Brexit has been dominating international headlines for the past few ...
“I’ve come to learn there is a virtuous cycle to transparency and a very vicious cycle of obfuscation.” – Jeff Weiner

 “Let us not be defeated by the tyranny of the world financial markets that threaten peace and democracy everywhere.” – Stephane Hessel

Yes, I have been researching Brexit, totally because a couple of people I truly admire are so against it because of the economic difficulties they foresee, and the thought that the withdrawal is marching backwards instead of forwards on the world stage. Keith and Hugh make exceptionally good points, but while I understand the economic difficulties it caused worldwide when the measure first passed, I can’t help but agree with many of the articles I have read from sources inside and outside of the EU, which point out just how “broken” the EU leadership truly is. That is historically the problem when you get ‘too many cooks in the kitchen’ (from nine original members to 28, all with their own agendas). You wind up with a spoiled meal, or in this case, a massive bureaucracy so enamored with their own power they constantly do, to put it bluntly, stupid stuff. I haven’t been following the EU regulatory process, (too busy working to get my editing business off the ground) but one article I just read from a British newspaper pointed out that one of the EU rules, in the vein of “the straw that broke the camel’s back” had to do with regulations on the “correct” size and shape of cucumbers and carrots!* So, if such common foods are not shaped correctly, were they thrown out? When food prices are so high, and so many people go hungry? And besides that – with all the problems this world has to face in these troubling times of war, poverty, and terrorism, the fact that carrot shape is what the EU is interested in is offensive to a breathtaking degree. Now, if they were worried about whether the carrot was filled with poisonous chemicals, that I could see. But whether it is bumpy or not is what you worry about? Deeply, Deeply offensive!

I read a lot of good comments on many different articles posted online, (and some that didn’t make a lot of sense), but we all have our opinions. After reading articles from a wide-ranging group of countries, I focused on several articles, especially one from the New Zealand National Business Review entitled Three Reasons Brexit Won”. The points that make the most sense to me deal mostly with the immigration issues inherent in the EU structure.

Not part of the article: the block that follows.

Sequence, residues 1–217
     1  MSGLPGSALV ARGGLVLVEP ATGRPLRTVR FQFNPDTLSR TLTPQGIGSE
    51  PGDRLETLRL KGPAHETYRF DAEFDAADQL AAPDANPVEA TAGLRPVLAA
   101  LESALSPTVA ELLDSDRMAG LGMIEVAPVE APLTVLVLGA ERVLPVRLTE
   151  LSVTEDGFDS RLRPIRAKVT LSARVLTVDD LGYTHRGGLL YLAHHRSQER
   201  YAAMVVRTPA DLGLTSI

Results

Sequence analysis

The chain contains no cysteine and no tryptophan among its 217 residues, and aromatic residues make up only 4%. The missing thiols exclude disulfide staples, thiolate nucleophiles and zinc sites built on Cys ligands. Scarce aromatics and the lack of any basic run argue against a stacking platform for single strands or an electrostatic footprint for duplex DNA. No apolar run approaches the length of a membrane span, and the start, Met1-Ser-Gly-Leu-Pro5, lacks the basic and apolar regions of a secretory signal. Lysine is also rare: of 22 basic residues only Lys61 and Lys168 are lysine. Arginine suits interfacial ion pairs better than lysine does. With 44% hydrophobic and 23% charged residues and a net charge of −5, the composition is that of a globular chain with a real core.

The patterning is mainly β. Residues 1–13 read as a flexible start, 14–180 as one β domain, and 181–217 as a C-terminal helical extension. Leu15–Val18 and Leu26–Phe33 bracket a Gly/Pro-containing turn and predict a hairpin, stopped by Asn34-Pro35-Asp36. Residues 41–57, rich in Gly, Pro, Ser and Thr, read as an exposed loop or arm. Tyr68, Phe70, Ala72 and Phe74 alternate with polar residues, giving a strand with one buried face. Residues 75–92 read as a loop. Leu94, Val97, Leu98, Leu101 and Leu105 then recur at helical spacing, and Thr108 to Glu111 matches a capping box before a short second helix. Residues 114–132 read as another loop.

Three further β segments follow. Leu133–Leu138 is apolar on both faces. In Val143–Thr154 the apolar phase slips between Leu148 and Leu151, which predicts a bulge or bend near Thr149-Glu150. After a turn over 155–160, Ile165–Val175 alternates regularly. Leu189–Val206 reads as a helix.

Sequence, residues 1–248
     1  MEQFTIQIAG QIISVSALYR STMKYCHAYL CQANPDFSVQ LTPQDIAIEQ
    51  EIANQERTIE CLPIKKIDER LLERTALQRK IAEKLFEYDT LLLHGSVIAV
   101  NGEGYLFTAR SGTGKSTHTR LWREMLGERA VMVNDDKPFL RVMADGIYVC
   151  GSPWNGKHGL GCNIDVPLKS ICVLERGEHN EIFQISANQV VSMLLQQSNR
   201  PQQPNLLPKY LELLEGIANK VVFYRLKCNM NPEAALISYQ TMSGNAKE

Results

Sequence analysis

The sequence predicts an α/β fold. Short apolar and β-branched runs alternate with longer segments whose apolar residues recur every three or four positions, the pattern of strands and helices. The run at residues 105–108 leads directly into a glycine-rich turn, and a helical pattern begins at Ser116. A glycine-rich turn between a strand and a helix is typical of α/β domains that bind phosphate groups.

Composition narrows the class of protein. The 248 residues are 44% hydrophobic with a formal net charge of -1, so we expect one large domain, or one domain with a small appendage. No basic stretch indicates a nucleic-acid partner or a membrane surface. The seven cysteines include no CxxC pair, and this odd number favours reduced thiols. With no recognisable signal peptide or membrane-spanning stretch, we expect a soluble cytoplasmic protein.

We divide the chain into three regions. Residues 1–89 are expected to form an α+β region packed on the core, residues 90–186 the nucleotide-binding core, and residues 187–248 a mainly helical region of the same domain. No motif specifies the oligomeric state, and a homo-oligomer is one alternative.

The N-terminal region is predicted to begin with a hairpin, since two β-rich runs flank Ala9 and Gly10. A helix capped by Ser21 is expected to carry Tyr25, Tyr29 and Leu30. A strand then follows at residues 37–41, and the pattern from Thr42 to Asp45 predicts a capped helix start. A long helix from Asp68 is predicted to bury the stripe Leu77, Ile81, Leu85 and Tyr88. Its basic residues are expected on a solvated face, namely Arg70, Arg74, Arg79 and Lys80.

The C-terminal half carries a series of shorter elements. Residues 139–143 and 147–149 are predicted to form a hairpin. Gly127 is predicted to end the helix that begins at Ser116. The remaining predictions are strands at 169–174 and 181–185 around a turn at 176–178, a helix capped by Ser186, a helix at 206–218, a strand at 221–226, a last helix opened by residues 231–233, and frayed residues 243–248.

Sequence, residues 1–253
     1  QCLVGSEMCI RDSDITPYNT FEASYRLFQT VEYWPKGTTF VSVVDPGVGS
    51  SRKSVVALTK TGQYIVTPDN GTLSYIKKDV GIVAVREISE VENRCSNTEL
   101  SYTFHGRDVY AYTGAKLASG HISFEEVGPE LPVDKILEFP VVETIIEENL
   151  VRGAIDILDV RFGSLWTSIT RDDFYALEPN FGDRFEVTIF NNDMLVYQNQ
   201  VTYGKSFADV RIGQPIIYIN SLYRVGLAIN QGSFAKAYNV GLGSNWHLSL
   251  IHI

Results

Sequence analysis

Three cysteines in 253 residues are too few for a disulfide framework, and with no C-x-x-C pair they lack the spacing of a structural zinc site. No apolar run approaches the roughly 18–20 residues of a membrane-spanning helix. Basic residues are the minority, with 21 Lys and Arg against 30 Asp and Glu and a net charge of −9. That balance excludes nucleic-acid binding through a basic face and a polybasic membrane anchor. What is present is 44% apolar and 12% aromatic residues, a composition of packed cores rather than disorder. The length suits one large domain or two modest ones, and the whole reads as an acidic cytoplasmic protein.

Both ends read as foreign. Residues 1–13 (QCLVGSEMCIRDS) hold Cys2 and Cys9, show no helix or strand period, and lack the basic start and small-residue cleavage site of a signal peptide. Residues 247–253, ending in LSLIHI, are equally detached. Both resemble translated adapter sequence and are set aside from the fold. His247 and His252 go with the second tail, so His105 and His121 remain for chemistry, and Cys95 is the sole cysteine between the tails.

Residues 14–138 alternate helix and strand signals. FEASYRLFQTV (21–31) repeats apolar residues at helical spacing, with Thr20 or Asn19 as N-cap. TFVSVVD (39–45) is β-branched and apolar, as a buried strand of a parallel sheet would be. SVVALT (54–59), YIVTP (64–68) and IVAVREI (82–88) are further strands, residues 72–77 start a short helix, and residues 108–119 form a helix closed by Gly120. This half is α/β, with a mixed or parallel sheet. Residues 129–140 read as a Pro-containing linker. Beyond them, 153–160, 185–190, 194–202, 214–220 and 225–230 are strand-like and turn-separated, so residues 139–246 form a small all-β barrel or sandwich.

1) As a poster commented, you can’t plan if you don’t know how many people to plan for. Health care, housing, jobs, policing, even food supplies – there is a whole list of issues dealing with immigration that must be planned for, both in the long and short term. You can’t set the table if you don’t know how many people are coming to dinner. As pointed out by one correspondent, “Under EU rules, citizens of any member state are allowed to live and work anywhere in the bloc, regardless of their education, salary or skills.” It reminds me of Castro dumping all of his prisoners and mental hospital patients into the exodus of “boat people” from his shores in 1994, shipping them off to Florida so he didn’t have to pay for their upkeep, the second time he had done the same thing (see “The Mariel Crisis” April – October, 1980). A brilliant strategy on his part, but a disaster for the state of Florida where the boats landed.

2) On another immigration issue, I agree that the number of people flooding Britain leaves them dangerously open to terrorists coming across the border and creating devastating damage. When you have organized policing, and the funding for police services for 33.5 million people, having the migration numbers skyrocket from 44,000 in 1991 to 333,000 in 2015, there is no way any country can assure the safety of their citizens.

3)  While many posters at different sites are making a big point of the fact that the “youth are getting screwed” by Brexit, I have difficulty with that stance, again from an immigration standpoint. When you have people emigrating from poor countries, they are willing to work for extremely low salaries. They are willing to work harder, put in longer hours, and rarely “rock the boat”.  As such, companies are much more likely to hire these immigrants, some highly educated as in the case of Asian and Indian workers, who are willing to work harder for less money. We see this every day here in the States, with immigrant workers being such a huge workforce. We also suffer greatly from companies outsourcing jobs to India, Pakistan, and other countries where wages are a 10th of the cost and there are lower standards for worker safety, no health care, and no retirement. A “disposable” workforce. Of course, they made workers here “disposable” as well, leaving people who had good jobs either on unemployment, welfare, or slinging burgers at two or three part time jobs with no benefits and no retirement. While the “reeducation” concept is a good idea, too often workers find that, once they are retrained, the job they trained for was also outsourced, or went to a younger, cheaper applicant.  A rather short-sighted view, as the older applicant has more experience, knowledge, and is accustomed to being loyal to the company she/he works for. Turnover is expensive.